Merck research-plant chemicals kill fish in Pa.

PHILADELPHIA — Drugmaker Merck & Co.'s research facility in
West Point, Pa., dumped a chemical compound that included cyanide into
the sewer system, killing more than 1,000 fish in Wissahickon
Creek, federal authorities said recently.

The U.S. Environmental Protection Agency said during a federal
and state investigation, Merck came forward to disclose that a
vaccine research facility released about 25 gallons of potassium
thiocyanate into the sewer on the morning of June 13.

"This appears to be the main cause of the fish kill,'' said Jon
Capacasa, director of the water protection division for the EPA's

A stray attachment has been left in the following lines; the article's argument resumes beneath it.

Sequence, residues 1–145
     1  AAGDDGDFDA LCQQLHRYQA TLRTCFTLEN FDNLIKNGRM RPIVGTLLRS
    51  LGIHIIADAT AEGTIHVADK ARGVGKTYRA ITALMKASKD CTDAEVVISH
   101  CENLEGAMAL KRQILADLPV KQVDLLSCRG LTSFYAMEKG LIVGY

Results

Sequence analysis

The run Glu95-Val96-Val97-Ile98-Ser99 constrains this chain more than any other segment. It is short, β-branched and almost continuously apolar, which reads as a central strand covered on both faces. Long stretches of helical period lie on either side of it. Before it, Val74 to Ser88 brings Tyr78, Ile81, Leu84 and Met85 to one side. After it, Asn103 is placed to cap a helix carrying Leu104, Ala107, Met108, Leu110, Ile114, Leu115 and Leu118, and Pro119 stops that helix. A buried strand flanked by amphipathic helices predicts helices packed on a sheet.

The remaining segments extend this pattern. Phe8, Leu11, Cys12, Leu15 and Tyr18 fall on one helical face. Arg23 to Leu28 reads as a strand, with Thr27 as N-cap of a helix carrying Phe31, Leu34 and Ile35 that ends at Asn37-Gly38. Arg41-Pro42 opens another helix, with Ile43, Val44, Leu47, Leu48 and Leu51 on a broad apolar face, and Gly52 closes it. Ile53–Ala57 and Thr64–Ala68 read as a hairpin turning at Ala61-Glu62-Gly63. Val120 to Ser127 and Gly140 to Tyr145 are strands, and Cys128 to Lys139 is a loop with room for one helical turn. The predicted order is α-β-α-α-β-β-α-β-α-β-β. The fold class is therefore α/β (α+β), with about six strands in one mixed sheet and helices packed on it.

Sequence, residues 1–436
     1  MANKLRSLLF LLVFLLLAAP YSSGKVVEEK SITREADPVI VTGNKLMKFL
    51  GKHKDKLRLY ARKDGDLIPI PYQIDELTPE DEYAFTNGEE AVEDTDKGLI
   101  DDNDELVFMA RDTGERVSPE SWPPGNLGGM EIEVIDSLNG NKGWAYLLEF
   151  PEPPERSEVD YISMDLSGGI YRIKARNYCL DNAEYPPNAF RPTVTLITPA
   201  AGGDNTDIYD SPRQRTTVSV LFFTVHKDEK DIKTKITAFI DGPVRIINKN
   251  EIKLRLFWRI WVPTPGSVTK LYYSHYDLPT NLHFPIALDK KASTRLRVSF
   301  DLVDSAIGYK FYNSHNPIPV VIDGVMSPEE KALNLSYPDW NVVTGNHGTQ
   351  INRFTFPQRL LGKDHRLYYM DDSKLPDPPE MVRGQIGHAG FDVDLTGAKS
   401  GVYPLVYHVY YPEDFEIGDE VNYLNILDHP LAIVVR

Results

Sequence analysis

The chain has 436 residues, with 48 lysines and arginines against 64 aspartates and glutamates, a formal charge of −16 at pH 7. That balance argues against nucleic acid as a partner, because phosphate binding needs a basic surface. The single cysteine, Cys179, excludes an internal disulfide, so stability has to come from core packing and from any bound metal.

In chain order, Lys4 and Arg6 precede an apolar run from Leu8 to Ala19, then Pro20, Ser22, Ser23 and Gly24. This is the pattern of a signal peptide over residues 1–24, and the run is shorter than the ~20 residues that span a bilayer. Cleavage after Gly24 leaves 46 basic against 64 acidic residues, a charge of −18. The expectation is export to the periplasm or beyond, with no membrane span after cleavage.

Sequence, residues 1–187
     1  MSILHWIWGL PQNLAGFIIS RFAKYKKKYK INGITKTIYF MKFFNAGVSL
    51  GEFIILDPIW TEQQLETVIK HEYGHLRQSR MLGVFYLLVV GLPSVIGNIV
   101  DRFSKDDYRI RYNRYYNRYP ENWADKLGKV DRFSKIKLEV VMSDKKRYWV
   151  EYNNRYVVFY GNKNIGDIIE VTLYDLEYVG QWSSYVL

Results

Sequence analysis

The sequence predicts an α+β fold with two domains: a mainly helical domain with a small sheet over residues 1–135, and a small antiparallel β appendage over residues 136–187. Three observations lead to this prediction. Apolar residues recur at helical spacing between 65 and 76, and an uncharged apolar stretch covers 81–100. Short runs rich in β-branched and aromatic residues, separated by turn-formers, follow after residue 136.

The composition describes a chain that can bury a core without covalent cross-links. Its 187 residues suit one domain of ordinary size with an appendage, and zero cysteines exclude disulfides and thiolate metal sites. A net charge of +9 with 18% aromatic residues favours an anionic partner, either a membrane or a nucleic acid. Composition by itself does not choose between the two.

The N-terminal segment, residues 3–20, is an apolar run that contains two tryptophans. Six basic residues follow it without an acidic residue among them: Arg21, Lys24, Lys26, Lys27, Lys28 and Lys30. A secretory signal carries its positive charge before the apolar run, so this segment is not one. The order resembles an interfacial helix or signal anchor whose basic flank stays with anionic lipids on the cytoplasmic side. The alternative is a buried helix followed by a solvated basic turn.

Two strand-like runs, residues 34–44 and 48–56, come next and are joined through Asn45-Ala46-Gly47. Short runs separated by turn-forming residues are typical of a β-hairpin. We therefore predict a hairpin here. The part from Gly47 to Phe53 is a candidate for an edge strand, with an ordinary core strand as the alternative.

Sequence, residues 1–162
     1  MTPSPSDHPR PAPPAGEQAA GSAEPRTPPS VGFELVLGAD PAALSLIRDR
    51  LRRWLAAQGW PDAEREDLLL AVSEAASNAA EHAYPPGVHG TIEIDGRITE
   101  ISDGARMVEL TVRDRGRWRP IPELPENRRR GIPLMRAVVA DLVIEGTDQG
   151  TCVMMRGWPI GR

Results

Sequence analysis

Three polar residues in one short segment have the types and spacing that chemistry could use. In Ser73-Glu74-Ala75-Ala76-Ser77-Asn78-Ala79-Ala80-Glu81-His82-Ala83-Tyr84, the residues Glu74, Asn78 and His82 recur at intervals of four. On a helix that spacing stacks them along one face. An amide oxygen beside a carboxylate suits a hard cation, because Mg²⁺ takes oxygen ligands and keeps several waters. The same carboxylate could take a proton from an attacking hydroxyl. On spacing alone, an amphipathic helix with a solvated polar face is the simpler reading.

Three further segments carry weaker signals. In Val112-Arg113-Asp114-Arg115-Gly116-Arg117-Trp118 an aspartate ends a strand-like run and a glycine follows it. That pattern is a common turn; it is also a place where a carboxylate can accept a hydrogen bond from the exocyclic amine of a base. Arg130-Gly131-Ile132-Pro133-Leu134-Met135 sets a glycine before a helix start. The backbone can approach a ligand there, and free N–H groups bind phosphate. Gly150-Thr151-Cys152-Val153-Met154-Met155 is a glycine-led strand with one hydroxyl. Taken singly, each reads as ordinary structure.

mid-Atlantic region. The compound "reacted in a bad way with the
chlorination system and created a chemical that was very toxic to
the fish.''

Potassium thiocyanate is used for making industrial chemicals,
pharmaceuticals and pesticides.

Merck spokeswoman Connie Wickersham said the drugmaker believes
proper procedures for waste disposal of the chemicals were not
followed. She said chemicals should have been treated and rendered
"neutral'' at Merck's own waste treatment facility before being
released into the sewer.

"We haven't determined whether it was an employee or a
mechanical failure,'' she said.

Capacasa said penalties could go as high as $32,500 for each
violation, per day, under the Clean Water Act. The agency is trying
to determine whether violations have occurred.